Monday, March 28, 2016

Brooklyn (2015)

Directed by: John Crowley
Runtime: 1hr, 51mins
Google Play, Amazon Instant

As I check more movies off my 2015 watchlist, “Brooklyn” was next on the list. But so late to the party, I’ll write more to those who have seen the movie (spoiler warning, whether or not this is the sort of movie you’d even care about spoilers). It’s a movie that received strong reviews and garnered a healthy dose of awards buzz earlier in the year, particularly for Saoirse Ronan’s lead performance as a young Irish immigrant caught between two worlds and two potential love interests. It’s based on Irish novelist Colm Tóibín’s 2009 book of the same name, and is an example where the title of a film is something of a spoiler in and of itself.

It begins with Eilis (Saoirse Ronan), a young Irish woman living mostly unhappily in her home town where she can’t seem to find a job or a man to sweep her off her feet. But she would come to miss her family and hometown after being sent away to America in order to find work and, perhaps, a better life. At first she’s quite homesick and shies away from interactions with customers at the store she ends up working at, but after meeting a charming young man she warms up to her new home and breaks out of her shell. The young man is Tony Fiorello (Emory Cohen), an Italian plumber with the ambition to combine his family’s various talents into an operation that would build, own, and maintain a new housing development where he and his eventual wife could live. He and Eilis meet at a community dance, and he takes an instant liking to her. The film’s most charming scenes are these initial interactions between Eilis and Tony. They generate an instant rapport, and Ronan and Cohen maintain a strong sense of chemistry throughout.

Aside from meeting and spending time with Tony, Eilis also begins taking classes for bookkeeping with eventual plans to become an accountant like her older sister. As she leaves her classes each night, she finds Tony waiting to walk her home. With a new friend and potential love interest, she finds herself warming up to Brooklyn and her feelings of homesickness die down until news of her sister’s untimely death arrives. It forces her untimely departure from Brooklyn for a short reunion with her now lonely mother. However, before she leaves Brooklyn, Tony confesses his love for her and asks her to marry him before she leaves, as if locking in her love and giving her added incentive to return. The fact that their marriage is held in secret (and that Tony wants it to be a secret in the first place) is something of an illogical detail that amounts to a plot contrivance meant to stir up unnecessary drama in the latter portion of the film.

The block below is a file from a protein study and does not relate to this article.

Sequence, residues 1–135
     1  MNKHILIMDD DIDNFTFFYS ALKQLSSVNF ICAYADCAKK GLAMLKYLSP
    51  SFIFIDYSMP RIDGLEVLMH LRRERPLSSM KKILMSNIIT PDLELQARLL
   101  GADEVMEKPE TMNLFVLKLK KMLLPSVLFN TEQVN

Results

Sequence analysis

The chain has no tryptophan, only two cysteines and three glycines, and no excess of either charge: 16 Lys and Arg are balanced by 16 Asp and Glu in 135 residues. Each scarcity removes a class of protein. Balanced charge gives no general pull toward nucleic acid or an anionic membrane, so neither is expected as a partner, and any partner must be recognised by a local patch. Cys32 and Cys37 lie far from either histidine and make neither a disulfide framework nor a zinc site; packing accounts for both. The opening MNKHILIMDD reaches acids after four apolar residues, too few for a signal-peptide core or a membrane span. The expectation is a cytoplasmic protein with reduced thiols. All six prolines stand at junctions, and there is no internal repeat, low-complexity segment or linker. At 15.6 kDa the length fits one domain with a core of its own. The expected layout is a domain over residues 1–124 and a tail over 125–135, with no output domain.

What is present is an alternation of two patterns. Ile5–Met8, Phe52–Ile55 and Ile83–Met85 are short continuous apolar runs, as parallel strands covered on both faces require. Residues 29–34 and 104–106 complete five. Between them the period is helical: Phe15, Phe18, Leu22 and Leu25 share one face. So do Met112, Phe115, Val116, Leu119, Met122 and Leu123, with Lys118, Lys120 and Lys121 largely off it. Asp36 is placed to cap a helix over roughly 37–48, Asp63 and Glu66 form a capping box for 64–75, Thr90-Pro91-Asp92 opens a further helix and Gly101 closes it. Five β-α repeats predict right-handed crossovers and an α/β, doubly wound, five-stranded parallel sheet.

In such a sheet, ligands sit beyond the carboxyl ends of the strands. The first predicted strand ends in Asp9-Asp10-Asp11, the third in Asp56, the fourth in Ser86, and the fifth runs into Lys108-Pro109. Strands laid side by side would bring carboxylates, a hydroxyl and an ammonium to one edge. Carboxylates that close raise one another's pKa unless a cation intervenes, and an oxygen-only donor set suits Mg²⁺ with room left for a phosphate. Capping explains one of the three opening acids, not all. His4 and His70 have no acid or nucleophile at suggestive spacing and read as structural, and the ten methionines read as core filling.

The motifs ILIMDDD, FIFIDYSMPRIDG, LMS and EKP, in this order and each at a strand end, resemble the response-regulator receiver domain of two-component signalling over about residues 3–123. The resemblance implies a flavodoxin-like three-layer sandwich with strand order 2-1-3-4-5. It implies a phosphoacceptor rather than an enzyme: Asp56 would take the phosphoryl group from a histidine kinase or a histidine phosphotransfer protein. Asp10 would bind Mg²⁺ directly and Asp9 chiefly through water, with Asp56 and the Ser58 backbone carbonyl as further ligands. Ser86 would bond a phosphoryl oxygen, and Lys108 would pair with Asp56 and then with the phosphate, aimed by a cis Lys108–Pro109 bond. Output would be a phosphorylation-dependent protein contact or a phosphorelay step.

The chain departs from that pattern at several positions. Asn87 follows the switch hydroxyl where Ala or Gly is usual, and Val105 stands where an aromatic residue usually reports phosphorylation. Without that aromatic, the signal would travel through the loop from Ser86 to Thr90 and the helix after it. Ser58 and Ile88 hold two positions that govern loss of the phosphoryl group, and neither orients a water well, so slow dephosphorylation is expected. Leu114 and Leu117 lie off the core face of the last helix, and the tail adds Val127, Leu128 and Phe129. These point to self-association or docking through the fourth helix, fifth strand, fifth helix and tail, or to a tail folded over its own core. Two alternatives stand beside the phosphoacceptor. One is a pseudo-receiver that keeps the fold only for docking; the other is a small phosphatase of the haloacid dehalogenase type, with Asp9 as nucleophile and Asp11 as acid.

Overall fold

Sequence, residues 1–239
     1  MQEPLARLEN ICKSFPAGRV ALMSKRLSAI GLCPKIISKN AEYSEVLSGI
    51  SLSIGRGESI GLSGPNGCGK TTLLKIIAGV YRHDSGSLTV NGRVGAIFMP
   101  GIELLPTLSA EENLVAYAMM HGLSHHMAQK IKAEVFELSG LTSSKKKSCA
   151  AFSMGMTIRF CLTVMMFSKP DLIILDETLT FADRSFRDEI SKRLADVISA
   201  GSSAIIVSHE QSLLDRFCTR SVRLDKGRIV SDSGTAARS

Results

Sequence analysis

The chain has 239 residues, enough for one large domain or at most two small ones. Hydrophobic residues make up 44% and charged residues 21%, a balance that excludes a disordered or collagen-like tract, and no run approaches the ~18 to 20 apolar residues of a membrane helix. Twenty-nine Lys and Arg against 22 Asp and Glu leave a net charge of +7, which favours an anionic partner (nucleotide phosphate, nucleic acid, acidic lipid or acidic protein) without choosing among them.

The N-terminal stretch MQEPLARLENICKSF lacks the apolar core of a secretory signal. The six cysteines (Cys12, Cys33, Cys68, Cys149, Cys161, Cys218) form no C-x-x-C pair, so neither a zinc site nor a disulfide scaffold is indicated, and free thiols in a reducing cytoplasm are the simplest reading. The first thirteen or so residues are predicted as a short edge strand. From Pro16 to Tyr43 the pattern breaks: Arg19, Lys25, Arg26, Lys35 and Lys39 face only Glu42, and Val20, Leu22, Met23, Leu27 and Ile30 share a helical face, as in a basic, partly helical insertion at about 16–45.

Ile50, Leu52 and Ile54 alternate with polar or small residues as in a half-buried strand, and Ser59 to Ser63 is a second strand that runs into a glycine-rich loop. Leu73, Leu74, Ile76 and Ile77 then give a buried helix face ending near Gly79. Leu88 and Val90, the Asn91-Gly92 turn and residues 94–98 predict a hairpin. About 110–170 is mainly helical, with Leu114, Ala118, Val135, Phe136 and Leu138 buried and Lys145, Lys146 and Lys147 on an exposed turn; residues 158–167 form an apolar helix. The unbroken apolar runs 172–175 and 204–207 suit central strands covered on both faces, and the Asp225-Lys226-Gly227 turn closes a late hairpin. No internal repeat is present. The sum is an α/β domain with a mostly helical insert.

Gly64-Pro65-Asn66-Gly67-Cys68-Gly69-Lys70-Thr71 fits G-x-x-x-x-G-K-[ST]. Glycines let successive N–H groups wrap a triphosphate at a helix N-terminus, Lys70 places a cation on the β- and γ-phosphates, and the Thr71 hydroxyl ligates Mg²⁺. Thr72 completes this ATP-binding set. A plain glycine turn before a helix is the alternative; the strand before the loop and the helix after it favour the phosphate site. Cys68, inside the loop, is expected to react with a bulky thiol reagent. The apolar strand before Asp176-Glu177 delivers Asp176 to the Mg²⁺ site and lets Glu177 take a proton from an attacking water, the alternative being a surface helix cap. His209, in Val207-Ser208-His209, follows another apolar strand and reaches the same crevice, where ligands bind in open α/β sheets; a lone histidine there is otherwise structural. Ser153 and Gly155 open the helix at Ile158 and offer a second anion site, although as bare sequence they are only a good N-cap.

Upon her return to her small town home in Ireland, her mother and friends conspire to keep her around as long as they can. They find her work taking over for her now deceased sister. Her friends have scheduled a wedding for a week after her scheduled return to Brooklyn, and her mother accepted the invitation on her behalf. She is also forced into courtship with a man who is soon to own a family run pub in Jim Farrell (Domhnall Gleeson), a pleasant if not particularly interesting young man. Eilis’ return to Brooklyn keeps getting put on the backburner, and all the while she finds herself surprised by how much she enjoys Jim’s company. Of course, eventually she’ll have to decide which life she wants to live. As if there were any doubt as to where Eilis’ heart and future would reside the title stands as assurance of her eventual decision.